Now look at Russia, where one hundred billionaires control fortunes worth an astonishing 20 percent of national GDP. Russia has nearly as many billionaires as China but they control twice as much total wealth in an economy one-fourth the size. Just as striking, Russia is missing not only a middle class but also a millionaire class; according to Boston Consulting Group, China ranks third in the world for number of millionaires, while Russia is not even in the top 15 for millionaires.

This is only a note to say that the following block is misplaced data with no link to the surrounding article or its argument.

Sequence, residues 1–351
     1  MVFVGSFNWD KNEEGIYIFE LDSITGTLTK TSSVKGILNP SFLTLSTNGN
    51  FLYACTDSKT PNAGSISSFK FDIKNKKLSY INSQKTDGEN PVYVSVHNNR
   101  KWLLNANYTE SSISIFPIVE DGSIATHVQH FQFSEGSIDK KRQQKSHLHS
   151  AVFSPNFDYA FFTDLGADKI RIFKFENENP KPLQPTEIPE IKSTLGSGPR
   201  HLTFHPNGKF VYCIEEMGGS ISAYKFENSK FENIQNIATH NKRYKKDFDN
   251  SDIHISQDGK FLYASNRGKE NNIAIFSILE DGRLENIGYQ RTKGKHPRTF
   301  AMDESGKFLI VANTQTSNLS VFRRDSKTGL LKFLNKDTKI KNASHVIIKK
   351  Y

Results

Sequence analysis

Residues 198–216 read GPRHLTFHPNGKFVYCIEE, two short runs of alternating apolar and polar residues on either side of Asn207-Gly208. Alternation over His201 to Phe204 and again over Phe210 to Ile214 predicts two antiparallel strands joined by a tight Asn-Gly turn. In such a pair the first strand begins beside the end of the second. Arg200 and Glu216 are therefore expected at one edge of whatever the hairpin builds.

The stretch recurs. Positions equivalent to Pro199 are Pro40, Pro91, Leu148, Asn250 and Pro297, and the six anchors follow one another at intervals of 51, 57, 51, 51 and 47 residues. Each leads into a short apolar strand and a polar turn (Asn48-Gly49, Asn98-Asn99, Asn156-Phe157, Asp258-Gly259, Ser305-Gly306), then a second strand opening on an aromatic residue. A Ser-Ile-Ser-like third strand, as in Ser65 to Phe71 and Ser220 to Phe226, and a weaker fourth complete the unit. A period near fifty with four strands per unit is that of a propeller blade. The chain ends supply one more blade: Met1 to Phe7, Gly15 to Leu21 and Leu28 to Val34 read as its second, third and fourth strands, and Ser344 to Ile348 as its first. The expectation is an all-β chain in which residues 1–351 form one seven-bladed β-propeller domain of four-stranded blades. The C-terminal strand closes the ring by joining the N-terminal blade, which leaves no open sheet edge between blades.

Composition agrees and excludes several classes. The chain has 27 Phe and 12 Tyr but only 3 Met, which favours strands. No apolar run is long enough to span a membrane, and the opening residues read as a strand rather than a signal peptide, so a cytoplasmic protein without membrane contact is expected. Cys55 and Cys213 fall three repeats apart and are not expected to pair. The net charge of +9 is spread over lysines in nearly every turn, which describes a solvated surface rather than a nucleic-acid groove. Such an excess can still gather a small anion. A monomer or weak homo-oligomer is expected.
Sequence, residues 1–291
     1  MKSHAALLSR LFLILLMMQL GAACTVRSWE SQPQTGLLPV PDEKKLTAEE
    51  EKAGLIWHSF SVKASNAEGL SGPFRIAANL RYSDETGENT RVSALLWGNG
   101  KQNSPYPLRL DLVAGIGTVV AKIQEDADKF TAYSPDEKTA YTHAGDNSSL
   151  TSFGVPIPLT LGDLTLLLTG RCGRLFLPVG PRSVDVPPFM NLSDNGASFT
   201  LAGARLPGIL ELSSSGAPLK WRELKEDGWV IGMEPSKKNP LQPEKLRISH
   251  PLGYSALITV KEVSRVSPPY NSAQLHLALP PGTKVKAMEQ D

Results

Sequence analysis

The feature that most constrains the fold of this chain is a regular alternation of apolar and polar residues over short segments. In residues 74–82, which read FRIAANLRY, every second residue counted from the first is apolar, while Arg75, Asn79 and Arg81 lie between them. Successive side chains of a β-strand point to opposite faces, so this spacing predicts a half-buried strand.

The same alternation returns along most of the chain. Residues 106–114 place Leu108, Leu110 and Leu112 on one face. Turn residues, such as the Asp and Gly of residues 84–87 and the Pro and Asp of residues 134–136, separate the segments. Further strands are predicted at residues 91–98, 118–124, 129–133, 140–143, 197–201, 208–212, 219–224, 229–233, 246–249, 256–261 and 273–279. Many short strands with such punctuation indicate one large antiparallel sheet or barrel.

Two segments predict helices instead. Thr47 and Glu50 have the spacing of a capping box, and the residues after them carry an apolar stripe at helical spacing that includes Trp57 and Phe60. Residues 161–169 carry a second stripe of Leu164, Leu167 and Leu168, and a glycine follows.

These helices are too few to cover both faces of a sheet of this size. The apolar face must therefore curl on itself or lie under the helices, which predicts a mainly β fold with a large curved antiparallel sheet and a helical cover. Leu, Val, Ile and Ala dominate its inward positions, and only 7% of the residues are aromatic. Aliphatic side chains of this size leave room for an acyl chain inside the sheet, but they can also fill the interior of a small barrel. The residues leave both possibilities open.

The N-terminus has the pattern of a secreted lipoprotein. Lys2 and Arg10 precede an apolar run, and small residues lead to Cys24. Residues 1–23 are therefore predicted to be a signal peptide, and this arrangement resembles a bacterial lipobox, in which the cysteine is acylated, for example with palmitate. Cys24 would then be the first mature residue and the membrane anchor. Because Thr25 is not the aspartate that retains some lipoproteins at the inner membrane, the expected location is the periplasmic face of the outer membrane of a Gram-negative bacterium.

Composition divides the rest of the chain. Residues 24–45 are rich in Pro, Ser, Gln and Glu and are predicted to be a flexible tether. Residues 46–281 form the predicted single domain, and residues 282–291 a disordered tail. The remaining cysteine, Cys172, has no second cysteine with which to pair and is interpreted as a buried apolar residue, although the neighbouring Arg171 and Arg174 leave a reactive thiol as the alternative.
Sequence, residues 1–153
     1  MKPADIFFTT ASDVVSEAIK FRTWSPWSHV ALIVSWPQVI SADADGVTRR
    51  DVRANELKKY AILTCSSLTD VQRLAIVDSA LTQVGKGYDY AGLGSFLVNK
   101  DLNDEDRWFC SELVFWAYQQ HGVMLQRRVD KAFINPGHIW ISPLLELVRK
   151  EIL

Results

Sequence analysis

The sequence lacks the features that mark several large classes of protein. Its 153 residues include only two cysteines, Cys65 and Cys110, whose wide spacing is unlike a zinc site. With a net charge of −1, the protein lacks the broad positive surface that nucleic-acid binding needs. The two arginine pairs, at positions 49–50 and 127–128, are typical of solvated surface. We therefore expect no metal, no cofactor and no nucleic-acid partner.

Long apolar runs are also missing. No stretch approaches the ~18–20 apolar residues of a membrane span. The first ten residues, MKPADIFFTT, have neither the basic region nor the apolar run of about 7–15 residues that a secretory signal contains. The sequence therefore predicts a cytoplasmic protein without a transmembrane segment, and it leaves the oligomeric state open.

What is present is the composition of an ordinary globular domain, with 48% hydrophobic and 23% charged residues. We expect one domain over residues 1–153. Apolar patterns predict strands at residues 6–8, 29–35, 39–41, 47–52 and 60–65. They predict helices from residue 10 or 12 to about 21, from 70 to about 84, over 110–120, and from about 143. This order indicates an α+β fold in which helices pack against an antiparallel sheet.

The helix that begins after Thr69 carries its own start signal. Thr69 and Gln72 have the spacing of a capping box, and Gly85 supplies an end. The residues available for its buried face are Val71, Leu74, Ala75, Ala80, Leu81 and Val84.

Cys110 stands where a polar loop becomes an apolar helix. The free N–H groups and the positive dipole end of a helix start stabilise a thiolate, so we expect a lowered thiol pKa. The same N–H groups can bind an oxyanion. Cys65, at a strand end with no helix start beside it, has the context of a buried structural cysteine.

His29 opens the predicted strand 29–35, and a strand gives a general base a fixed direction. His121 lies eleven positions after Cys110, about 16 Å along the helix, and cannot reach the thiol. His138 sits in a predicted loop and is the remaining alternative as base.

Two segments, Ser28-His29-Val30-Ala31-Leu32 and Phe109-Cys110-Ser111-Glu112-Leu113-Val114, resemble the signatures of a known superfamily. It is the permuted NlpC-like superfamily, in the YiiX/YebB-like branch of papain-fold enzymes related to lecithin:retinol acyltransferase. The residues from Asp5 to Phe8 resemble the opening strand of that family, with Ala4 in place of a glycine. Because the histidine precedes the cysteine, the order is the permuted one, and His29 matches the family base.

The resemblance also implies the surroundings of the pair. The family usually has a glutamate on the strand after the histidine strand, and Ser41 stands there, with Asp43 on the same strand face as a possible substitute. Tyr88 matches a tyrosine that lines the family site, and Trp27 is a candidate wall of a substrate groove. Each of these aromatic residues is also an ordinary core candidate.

The growing business influence of the state is reflected in the fact that 69 of those billionaires live in Moscow, the largest concentration for any city in the world. Protected by their patrons, the richest face little competition. Eight of the top 10 are holdovers from 2006. More than 80 percent of the wealth of Russian billionaires comes from non-productive industries like real estate, construction and especially commodities, namely oil and gas, in which political ties can sustain fortunes indefinitely. In no other developing nation is this share greater than 35 percent. Even in Brazil, a commodity economy at the same income level as Russia, the non-productive share of billionaires’ wealth is just 12 percent.
The entire post, by Ruchir Sharma, is fascinating, and with some superb visuals, do read it.
There is much in the review, excerpt: